Figure 1

This post will illustrate when and where the multiple warmings occurred in the South Atlantic during 2009, and it will illustrate if they appear to be normal or abnormal occurrences when compared to past variations.

Figure 2 shows four monthly SST anomaly maps for the South Pacific and South Atlantic. Cell a, January 2009, shows a strong warming in the mid latitudes, 50S-30S, along what appears to be the Antarctic Convergence Zone. In Cell b, May 2009, the mid-latitude warming is nearing its end, but there is a short spike in SST anomalies along the equatorial Atlantic. In cells c and d, the low-latitude warming, 30S-10S, is highlighted.
Figure 2

The low-latitude warming appears to begin just before the start of the secondary rise in NINO3.4 SST anomalies and continued until recently. What I’m referring to as a secondary rise can be seen in Figure 3. NINO3.4 SST anomalies paused during July through September then rose again in October until the peak in December.

Figure 3

The mid-latitude (50S-30S, 70W-20E) SST anomalies for the South Atlantic are shown in Figure 4. The warming in the early part of 2009 is not unusual. Larger spikes occurred in 1999/00 and 2001/03, and an earlier spike reached a similar magnitude in 1991. What is unusual in 2009 is the duration of the warming at these latitudes, having lasted a good portion of the year.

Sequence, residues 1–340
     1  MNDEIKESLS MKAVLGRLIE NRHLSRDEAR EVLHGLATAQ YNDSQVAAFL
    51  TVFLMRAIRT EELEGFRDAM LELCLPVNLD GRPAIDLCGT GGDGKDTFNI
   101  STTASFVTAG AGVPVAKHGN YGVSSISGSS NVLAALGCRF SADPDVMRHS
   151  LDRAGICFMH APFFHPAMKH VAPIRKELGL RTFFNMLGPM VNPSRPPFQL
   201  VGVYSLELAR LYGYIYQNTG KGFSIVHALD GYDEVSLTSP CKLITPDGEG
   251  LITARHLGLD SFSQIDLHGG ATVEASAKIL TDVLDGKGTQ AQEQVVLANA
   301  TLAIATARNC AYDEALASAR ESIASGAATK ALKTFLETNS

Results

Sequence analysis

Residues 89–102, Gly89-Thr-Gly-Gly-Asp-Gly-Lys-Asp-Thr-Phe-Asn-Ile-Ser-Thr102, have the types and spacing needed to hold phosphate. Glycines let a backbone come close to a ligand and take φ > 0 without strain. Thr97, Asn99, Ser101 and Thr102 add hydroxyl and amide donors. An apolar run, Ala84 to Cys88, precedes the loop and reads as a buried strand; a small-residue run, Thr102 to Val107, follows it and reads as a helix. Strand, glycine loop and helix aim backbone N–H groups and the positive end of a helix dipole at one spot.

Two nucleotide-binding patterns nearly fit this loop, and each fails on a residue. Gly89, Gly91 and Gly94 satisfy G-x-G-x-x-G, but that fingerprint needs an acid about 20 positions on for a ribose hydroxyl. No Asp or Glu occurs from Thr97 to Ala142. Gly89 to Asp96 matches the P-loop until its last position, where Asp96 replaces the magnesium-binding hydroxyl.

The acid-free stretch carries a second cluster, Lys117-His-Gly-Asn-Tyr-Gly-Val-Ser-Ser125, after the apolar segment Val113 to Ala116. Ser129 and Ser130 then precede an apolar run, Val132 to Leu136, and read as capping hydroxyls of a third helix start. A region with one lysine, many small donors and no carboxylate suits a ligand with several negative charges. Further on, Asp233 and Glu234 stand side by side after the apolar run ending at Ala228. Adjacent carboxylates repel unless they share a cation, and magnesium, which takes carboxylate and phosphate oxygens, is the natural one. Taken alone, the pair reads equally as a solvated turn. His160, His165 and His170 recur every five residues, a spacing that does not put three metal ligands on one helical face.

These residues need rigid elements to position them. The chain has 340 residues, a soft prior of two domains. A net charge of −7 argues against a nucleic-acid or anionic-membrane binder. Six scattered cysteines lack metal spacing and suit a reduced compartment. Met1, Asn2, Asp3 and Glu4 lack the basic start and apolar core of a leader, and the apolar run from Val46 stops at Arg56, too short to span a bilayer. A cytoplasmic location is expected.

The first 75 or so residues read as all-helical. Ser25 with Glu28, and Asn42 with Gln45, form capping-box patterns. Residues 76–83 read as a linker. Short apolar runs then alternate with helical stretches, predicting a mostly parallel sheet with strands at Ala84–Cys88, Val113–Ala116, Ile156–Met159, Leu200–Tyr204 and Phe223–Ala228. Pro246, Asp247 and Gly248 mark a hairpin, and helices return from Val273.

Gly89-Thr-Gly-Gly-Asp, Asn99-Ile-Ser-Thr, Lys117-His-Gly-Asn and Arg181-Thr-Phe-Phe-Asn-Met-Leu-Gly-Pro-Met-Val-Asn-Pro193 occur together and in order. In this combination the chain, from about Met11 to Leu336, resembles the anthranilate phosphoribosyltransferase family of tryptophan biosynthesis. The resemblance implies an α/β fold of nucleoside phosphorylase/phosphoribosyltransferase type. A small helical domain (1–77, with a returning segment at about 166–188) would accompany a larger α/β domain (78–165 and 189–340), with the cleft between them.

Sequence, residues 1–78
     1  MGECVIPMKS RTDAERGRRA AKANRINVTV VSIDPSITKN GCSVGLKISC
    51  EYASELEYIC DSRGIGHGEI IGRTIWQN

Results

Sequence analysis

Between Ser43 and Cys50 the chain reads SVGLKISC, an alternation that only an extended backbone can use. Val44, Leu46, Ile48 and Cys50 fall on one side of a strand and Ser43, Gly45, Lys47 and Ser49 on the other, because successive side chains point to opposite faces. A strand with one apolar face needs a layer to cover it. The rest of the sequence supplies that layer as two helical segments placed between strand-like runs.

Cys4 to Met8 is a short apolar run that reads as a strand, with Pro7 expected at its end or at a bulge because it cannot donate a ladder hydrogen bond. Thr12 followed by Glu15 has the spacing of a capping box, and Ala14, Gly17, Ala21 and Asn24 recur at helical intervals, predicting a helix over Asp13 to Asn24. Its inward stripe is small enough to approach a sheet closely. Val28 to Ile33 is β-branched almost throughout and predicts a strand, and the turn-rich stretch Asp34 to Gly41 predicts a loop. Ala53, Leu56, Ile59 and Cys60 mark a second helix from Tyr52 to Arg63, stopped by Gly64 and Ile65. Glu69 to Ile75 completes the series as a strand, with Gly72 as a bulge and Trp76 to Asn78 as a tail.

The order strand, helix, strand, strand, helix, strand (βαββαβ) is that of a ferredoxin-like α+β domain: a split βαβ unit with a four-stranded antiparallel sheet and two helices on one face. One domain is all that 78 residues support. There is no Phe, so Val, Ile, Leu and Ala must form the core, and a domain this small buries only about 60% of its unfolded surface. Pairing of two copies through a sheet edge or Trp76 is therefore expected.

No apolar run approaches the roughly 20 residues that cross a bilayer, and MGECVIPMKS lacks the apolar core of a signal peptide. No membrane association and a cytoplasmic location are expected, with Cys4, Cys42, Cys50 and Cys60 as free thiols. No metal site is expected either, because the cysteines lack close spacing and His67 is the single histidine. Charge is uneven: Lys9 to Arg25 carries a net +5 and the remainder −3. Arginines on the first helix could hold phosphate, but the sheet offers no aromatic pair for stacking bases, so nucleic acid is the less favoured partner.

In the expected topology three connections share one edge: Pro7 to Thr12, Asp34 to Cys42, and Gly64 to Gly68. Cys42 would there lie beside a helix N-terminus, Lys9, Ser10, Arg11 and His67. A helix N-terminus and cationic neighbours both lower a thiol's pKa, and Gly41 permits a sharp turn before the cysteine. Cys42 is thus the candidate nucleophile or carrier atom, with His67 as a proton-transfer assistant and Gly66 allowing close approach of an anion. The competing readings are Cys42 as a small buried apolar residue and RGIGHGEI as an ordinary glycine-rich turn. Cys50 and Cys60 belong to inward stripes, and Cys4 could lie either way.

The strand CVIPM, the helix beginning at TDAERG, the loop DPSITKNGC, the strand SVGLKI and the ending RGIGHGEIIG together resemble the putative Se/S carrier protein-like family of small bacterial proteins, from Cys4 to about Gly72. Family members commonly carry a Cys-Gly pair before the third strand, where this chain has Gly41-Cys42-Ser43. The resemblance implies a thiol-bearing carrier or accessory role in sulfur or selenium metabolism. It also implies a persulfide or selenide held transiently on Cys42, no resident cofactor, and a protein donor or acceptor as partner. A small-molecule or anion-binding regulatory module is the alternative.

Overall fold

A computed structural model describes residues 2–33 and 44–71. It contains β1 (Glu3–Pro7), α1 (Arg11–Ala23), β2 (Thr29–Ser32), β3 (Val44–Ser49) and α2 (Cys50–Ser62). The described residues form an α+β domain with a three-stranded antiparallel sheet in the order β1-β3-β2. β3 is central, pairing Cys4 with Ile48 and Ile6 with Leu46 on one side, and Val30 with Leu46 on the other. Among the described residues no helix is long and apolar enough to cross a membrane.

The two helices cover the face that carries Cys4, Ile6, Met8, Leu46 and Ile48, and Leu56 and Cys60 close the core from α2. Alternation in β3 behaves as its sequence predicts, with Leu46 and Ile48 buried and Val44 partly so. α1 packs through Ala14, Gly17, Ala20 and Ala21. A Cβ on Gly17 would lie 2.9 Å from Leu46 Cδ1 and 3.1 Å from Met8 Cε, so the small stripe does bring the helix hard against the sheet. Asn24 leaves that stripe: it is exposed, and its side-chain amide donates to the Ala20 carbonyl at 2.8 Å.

Figure 4

Figure 5 is a comparison of the mid-latitude SST anomalies with the SST anomalies for the entire South Atlantic basin. The mid-latitudes do account for part of the noise in the South Atlantic data, but note that the curious 1996/97 dip and rebound does not occur in the mid latitudes.
Figure 5

Comparing the mid-latitude SST anomalies of the South Atlantic to NINO3.4 SST anomalies, Figure 6, raises more questions than it answers. Are the spikes in 1999/00 and 2001/03 lagged responses to the 1997/98 El Niño, or seeming more likely, are they lagged responses to the variations of the 1998/99/00/01 La Niña? They do not appear to be responses to the Southern Annular Mode. (Not illustrated.)
Figure 6

I’m not going to spend much time on this area since the equatorial warming in mid year of 2009 lasted a month. Recall in Cell b of Figure 2, there was a warming in May 2009 along the equator. The very short mid-year warming and the timing are not unusual as can be seen in Figure 7.
Figure 7

Figure 8 compares the equatorial Atlantic SST anomalies to NINO3.4 SST anomalies. The equatorial Atlantic SST anomalies respond to some (the more significant) El Niño events, but not others (those that are less significant). Note the multiyear decays in the equatorial Atlantic SST anomalies after the 1986/87/88 and 1997/98 El Niño events. This is yet another SST anomaly dataset that does not respond to La Niña events.
Figure 8

The South Atlantic low latitude SST anomalies are illustrated in Figure 9. This is the area with the significant warming in the latter part of 2009. Refer back to Cells c and d of Figure 2. What stands out for me with this dataset is how flat it is for most of the term. How flat?
Figure 9

If we shorten this dataset to the period from July 1983 to November 2008 (the bottoms of the troughs in those years), Figure 10, the linear trend is 0.08 deg C per CENTURY. Can’t get much flatter than that.
Figure 10

Figure 11 is a comparison of South Atlantic low latitude SST anomalies and the SST anomalies for the South Atlantic basin. Though there are periods of divergence, the variations of the low-latitude data correlate well with the basin data--the low latitudes exaggerating the basin data.
Figure 11

Smoothing those two datasets and comparing them to NINO3.4 SST anomalies reveals the influence of major ENSO events on the South Atlantic, and the lack of influence of minor ENSO events.
Figure 12